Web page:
Monthly Archives: October 2009

Add Color Coding to Mac OS X’s Quick Look for Source Codes

The Problem

The recent releases of Mac OS X has a wonderful feature: quick look. By selecting a file in the Finder and hit spacebar, the user can quickly view the contents of that file, be it text, audio, video, graphics, and many other file types. I often want to quick look the contents of my source codes and encountered two problems: First, As shipped, quick look does not support many types of source code, specifically Tcl. Second, the default quickly is pretty bland without any color code at all.

The Solution

My search took me to a wonderful piece of software called qlcolorcode and it did what I want. Now instead of seeing the above boring quick look, I see something like:

If you like what you see and decide to use it, head over the developer’s site and grab it. The installation is easy, so just jump right in. When you are there, please read the ReadMe for customization such as adding line numbers or changing the font.

Advertisements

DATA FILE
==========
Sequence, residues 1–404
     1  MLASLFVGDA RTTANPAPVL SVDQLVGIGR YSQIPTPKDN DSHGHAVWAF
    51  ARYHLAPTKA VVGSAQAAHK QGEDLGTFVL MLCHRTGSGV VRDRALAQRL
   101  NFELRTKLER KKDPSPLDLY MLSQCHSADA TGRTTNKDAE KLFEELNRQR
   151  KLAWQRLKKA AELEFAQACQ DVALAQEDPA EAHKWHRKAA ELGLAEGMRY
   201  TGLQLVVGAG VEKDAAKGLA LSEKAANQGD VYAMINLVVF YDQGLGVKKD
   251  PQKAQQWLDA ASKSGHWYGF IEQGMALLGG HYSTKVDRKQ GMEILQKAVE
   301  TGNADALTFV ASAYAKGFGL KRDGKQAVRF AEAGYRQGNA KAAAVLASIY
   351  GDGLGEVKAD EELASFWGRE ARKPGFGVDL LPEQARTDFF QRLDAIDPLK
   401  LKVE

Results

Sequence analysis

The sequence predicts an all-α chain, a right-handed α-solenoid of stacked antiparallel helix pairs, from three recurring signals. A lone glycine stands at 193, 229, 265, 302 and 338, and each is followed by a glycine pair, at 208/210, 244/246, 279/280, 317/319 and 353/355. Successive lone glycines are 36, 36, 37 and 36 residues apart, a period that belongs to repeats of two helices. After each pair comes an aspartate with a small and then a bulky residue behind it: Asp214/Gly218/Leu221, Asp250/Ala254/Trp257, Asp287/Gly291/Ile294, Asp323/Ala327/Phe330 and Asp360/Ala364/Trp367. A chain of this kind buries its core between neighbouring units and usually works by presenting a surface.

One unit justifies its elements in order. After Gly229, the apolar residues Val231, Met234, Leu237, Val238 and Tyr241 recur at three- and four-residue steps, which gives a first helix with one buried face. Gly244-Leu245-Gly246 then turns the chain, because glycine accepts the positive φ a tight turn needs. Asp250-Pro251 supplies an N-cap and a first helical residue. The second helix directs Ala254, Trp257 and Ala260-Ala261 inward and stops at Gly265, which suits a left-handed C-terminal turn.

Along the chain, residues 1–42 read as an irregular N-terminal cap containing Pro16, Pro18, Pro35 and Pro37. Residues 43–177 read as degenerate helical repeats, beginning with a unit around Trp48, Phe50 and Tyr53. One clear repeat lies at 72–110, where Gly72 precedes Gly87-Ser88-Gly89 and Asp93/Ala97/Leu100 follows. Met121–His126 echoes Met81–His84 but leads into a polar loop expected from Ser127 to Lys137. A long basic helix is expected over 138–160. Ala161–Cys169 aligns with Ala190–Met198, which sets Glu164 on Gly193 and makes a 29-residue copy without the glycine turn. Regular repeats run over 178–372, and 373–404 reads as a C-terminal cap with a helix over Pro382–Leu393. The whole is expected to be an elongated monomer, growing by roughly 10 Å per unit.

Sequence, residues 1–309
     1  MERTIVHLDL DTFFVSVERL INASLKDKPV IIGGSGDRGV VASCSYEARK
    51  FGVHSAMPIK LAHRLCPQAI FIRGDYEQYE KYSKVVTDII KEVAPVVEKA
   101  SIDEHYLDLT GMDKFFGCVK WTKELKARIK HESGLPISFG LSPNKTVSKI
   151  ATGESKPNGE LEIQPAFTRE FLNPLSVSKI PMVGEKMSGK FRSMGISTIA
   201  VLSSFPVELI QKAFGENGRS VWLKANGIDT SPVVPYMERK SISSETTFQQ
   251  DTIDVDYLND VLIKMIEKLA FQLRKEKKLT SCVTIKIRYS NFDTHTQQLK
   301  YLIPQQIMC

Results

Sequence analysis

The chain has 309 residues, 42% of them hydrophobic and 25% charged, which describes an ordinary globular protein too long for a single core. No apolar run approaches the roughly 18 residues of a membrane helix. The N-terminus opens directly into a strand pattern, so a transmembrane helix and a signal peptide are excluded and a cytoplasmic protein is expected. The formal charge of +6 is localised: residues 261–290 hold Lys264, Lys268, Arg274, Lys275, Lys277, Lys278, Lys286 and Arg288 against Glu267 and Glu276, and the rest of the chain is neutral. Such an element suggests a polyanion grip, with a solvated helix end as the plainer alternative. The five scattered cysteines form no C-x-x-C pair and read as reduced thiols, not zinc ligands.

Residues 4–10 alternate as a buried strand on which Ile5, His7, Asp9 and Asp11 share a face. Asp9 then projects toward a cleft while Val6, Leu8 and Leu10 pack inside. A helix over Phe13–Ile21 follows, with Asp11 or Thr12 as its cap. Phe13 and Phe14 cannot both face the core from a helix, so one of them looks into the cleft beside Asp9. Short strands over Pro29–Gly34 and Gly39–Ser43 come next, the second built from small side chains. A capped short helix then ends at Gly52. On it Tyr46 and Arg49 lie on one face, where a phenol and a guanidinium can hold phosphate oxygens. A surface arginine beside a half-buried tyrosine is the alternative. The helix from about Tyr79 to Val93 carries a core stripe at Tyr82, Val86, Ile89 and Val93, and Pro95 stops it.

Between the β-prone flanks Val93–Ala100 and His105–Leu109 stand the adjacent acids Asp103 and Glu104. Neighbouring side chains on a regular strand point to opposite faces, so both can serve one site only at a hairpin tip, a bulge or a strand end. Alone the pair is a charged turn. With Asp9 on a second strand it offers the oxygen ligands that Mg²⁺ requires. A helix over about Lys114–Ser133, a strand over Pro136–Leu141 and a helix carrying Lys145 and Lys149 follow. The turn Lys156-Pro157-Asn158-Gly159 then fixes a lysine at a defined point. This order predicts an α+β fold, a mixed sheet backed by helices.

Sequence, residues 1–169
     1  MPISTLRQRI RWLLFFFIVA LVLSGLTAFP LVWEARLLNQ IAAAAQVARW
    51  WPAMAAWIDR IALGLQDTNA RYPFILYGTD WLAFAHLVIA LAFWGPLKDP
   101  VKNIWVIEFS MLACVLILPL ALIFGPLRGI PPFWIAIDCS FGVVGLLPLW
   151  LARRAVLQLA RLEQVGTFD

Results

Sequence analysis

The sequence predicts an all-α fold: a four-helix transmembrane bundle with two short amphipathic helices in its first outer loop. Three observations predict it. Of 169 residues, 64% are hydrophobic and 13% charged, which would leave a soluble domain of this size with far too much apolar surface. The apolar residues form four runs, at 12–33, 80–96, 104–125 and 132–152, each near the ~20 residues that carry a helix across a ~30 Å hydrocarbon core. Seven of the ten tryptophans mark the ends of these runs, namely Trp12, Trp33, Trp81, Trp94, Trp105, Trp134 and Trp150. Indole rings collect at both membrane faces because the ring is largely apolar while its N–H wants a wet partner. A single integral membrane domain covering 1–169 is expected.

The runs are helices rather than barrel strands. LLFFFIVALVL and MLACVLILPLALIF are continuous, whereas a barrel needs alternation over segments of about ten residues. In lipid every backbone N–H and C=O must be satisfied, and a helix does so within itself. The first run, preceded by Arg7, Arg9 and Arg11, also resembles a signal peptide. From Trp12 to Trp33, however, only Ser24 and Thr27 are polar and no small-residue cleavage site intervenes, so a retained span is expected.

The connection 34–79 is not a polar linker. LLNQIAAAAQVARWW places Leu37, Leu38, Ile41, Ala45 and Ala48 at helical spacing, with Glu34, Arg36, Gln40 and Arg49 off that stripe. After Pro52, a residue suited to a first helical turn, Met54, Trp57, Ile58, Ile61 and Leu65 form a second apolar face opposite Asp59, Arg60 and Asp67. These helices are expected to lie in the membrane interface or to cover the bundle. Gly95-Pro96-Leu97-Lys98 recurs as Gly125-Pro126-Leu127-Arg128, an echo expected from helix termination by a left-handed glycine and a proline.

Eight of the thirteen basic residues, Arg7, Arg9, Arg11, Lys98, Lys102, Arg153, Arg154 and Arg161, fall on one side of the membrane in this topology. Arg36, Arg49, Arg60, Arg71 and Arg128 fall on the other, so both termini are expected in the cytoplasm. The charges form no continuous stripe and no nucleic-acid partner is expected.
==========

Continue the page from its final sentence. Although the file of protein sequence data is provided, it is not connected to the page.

Sweeten Bash History by Adding Grep

The Problem

While I know about the Ctrl-R key combination in bash to perform an incremental reverse search the history; I often need to grep the history to find what I want. For example, to find out what directory I changed into, I issue the following command:

$ history | grep cd

That’s a lot of typing for a lazy guy like me. Imagine that. I rather spend my time writing this blog that repeating that command.

The Solution

To solve this problem, I created a simple function and placed it in my ~/.bash_profile file:

function h() {
    if [ -z "$1" ]
    then
        history
    else
        history | grep "$@"
    fi
}

Explanation

  • Line 2-5: If the user call the command h without any parameter, the function calls the history command
  • Line 6-7: Otherwise, issue the history command and use grep to search.

Going back to my original example, the command now becomes:

$ h cd

Clearly, this is the way life should be: short and sweet. See you in another post.

How to Assign a List’s Elements to Variables

The Problem

You want to assign the contents of a list to a number of variables. For example, assigning contents of $argv to variables server, port, user, and password:

set server [lindex $argv 0]
set port [lindex $argv 1]
set user [lindex $argv 2]
set password [lindex $argv 3]

The Solution

This is what the lassign command is designed to do, see my previous post. However, prior to Tcl version 8.5, using lassign means you must load the entire TclX package, which might be expensive for one little command.

If you don’t want to require the whole TclX package just for this task, here is another alternative solution: using the foreach idiom:

foreach {server port user password} $argv break

The above is the same as using lassign:

package require Tclx
lassign $argv server port user password